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Dale Brown is a prolific writer, having written 17 novels and co-authored a further seven, the Dreamland series, with Jim DeFelice. At least one of Brown's novels has spawned a video game spin-off. Brown's newest novel, ACT OF WAR, is the first in a planned series featuring action hero Brigadier General Jason Richter.
After reading the first two chapters, I found myself thinking about another tale of fear and Machiavellian machinations set on the home front in a time of war -- Jane Austen's PRIDE AND PREJUDICE.
The moral of Austen's story is that first impressions are often wrong. Elizabeth learns to like Mr Darcy, after she gets over the bad introduction. Having found the beginning of ACT OF WAR rather unpleasant, I followed Austen's advice and continued, hoping that, like Mr Darcy, the tale would improve with familiarity. It never did.
In ACT OF WAR, it's the future, Bush is still President, and the War on Terror rumbles on. A group of environmentalist, anti-globalisation, anti-capitalism terrorists based in Brazil send a suicide bomber to nuke the town of Kingman City, Texas.
Kingman City is the headquarters of TransGlobal Energy Corporation, whose founder and CEO is the eponymous ubermensch Harold Kingman. The town and surrounding area are duly nuked, and, in Washington, the President demands a Congressional act authorising war against the unknown enemy.
So Brigadier General Richter goes on the case, with the help of bitchy yet attractive top-secret task-force colleague and 'clean-up gal' Dr Ariadna Vega.
Richter is a superhero because he gets to run around the country in a hollow 'robot' which is radiation-proof, virtually indestructible, launches grenades, and, according to the prefatory pages, is based on something actually being developed by the US military. The other characters call him RoboCop without any hint of self-mockery.
Richter's enemy is the evil genius ecoterrorist leader Dr Ruiz. Born in Brazil, he became a "long-haired radical student" at UCal-Davis. His doctorate, in a subfield of environmental science, is from Stanford.
ACT OF WAR is a piece of Republican extremist propaganda, and not even subtle, clever, or eloquent propaganda. Not only do the crazies nuke civilians in defence of the environment (ironic, innit?), but the omniscient third-person narrator also praises Condoleeza Rice for her "military affairs expertise." This raises a gripping mystery: with this expertise, why hasn't she found Osama yet, or brought peace to Iraq, or equality to Afghanistan?
Characters joke about Bill & Hillary Clinton having a common taste for women as well as power, and the Clintons are compared to Napoleon and Hitler. Show me the remains of the concentration camps where ten million people died as a direct result of Bill and Hillary Clinton's active and personal will, and I'll accept this parallel. Okay, you could say, this is a fictional character's opinion, not necessarily Brown's, but it isn't challenged, and the man who says it dies as a heroic martyr, trying to save the lives of thousands or millions of civilians.
In principle, I don't mind propaganda writing, but Brown's storytelling is weakened by redundancy and nonsense. The war on terror is at one point called a battle against "death and tyranny." This sounds as if one objective is to make humans immortal. Elsewhere: "And then as a slug entered his brain, and he died, the world disappeared in a blinding flash of white-hot light..."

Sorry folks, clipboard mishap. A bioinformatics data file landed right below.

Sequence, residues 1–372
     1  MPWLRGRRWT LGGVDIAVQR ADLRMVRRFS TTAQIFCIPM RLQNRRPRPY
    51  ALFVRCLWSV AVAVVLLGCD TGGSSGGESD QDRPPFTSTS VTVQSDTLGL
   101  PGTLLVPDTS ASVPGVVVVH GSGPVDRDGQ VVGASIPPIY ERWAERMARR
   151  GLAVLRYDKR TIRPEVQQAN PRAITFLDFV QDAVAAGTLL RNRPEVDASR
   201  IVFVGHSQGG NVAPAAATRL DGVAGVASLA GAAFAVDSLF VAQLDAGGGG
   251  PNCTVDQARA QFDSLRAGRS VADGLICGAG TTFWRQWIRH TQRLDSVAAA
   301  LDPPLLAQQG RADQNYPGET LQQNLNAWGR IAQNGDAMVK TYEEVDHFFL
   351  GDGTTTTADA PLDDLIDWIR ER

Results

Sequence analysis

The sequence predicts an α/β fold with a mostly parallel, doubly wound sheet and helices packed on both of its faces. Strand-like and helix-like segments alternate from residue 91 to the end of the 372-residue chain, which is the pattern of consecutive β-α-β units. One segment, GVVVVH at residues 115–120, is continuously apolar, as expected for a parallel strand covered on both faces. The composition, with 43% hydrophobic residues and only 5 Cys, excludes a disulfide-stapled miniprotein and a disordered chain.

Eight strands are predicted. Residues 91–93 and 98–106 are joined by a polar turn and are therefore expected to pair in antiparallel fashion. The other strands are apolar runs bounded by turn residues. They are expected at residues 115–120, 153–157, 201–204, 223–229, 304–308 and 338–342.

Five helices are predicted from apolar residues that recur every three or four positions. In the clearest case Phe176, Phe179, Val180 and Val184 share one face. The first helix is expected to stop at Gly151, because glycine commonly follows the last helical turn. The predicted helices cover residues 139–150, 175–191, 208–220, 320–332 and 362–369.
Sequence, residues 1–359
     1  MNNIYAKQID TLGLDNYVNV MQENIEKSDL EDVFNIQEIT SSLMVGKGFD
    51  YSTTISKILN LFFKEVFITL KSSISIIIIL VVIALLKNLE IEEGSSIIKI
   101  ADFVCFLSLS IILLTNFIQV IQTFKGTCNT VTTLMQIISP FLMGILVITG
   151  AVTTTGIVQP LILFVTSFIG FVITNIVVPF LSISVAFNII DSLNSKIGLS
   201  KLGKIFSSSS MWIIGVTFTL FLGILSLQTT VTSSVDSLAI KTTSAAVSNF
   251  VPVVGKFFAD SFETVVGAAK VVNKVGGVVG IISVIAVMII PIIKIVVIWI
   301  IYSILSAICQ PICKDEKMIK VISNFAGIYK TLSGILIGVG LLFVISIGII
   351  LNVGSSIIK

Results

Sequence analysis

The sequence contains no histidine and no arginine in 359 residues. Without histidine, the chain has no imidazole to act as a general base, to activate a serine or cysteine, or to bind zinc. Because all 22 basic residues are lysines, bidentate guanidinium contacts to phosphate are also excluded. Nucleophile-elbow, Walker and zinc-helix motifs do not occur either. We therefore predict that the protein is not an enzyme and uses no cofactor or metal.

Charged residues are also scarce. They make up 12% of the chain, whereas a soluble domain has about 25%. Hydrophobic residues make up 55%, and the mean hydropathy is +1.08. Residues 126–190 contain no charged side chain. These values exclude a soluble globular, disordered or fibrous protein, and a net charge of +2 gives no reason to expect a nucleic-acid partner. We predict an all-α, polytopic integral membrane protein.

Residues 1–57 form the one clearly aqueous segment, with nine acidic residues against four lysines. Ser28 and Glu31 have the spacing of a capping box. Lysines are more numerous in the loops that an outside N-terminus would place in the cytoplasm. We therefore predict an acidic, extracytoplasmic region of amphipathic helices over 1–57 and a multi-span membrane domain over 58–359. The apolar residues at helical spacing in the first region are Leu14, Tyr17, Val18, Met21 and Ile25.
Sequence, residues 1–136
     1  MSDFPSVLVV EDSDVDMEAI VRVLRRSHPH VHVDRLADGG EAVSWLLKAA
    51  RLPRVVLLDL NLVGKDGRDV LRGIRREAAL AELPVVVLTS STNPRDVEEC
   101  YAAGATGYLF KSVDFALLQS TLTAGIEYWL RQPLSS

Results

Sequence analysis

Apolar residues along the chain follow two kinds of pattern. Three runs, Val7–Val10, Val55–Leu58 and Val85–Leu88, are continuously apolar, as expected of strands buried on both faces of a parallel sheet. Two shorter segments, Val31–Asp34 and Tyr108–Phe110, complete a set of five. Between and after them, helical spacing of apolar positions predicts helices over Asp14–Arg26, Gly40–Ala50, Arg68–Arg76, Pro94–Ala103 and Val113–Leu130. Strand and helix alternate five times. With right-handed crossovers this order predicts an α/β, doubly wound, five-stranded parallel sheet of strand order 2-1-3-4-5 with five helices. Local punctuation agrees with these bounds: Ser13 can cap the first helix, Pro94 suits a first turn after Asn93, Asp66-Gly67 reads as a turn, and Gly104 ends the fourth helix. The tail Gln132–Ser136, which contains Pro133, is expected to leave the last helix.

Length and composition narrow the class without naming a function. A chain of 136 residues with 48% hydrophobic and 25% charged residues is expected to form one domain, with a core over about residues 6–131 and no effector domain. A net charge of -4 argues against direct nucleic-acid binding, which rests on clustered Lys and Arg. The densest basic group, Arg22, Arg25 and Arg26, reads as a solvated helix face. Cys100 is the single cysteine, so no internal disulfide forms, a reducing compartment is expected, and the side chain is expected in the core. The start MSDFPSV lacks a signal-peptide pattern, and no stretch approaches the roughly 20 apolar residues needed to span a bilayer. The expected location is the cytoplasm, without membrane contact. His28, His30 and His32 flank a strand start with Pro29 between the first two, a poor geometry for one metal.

A top military man seems not to have read the back pages of the world news section of many papers over the past 30 years. "Since I've never heard of a Western WMD up for sale," this officer reasons, "I can only assume it was Russian." Didn't the US and UK sell some shoulder-fired missiles to the Afghan mujahideen, before they became the enemy?
More disturbingly, Brown's President asks for Congress to make a formal "declaration of war against terrorism" and to back it up by repealing the Posse Comitatus Act of 1878, which "was designed to keep federal military troops from violating the people's constitutional rights by acting in a warlike manner to civilians on American soil." This Act is dangerous, the President claims, because it has rendered "America incapable of defending itself against an attack on its own soil."
That crackle of burning vellum you're hearing right now might be the US Constitution.
The back cover blurb claims that ACT OF WAR's 'authenticity' is assured because its author is a former pilot. My grandfather Max Nesvet was a US Army Air Corps serviceman. He was one of the ordinary heroes of the Second World War, but I'd never assume that he knew more about the battle plan than a particularly intrepid military historian or journalist. The few scraps of information passed down to me indicate that Max (he died too young to be called Granddad) followed his orders and knew nothing special, not even the cause of his mysterious postwar illness and premature death.
The front cover picture is a grainy image of a missile hurtling toward the White House from very close range. The back cover says that the image of the rocket is "Courtesy of US Army." Below that picture, the subtitle screams "THE FIGHT FOR FREEDOM IS A BATTLE WITHOUT LIMITS." What a surprising hook -- doesn't everybody know that the War on Terror is limited by the mind-forg'd manacles of reason and Constitutional law?
As Austen preaches, you should never judge a person by first impressions, or a book by its cover. However, the cover of ACT OF WAR serves as a top-notch advance warning system.
Reviewed by Rebecca Nesvet, June 2006
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